Dental Education Lecture: Bone Manipulation for Implant
When a tooth such as the upper left lateral incisor (#10 in Fig.8) is extracted, the gums and bone in the root area (*) is shrinking (ditching in), affecting appearance. By contrast, the root of the corresponding tooth (* above #7: upper right lateral incisor) is bulging out, the natural appearance. We are going to make slices through the teeth #7 and 10 and their roots (long axis). We can see that bone is shrinking after tooth is extracted (Fig.2,6 vs. Fig.1,5), particularly the width: from 7.21 mm to 1.93 mm (compare Fig.5,6). To place an implant, we need to increase the width of the bone. There are two ways to do it. The first one is to do bone graft, i.e., placing a piece of bone over the shrinking bone, making the latter thicker. The second way is to expand the bone. Contrast to our thought, our bone is malleable. It can be expanded like a balloon. But the surgeon needs to be careful, avoiding the balloon to pop. Instead of using air, the surgeon uses a set of chisels to expand the bone. First, a very thin chisel (like a thin blade) (red in Fig.3) is inserted into the middle of the bone. Gradually, thicker and thicker chisels (red in Fig.4) are used to make the outside layer of the bone move outward (arrows). Finally, enough space is created to hold a proper sized implant (yellow in Fig.7). With further outward movement of the outside layer of the bone (arrows), the width of the bone is almost equal to that in Fig.1 or 5. The appearance must also improve. In fact, bone does not have nerve. With proper local anesthesia, bone expansion is pain free.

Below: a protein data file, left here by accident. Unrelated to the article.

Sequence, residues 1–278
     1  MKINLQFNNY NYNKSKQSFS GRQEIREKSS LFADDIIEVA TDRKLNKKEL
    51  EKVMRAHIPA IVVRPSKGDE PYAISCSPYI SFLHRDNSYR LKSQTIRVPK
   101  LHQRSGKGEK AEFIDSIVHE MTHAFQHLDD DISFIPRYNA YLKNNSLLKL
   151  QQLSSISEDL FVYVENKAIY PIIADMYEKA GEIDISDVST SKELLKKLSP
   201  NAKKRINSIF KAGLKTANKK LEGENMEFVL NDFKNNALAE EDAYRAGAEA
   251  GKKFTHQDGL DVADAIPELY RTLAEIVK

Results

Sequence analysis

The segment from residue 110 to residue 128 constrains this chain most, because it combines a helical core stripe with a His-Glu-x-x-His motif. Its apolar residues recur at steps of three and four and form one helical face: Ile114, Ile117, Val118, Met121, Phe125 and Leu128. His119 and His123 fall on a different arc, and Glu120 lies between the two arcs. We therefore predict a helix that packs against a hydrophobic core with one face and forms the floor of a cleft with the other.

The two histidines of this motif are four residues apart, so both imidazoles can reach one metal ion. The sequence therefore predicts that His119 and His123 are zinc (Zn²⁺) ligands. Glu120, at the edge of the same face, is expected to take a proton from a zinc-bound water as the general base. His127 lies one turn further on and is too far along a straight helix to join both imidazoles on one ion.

Xin Wei, DDS, PhD, MS 1st edition 03/15/2011, last revision 09/27/2012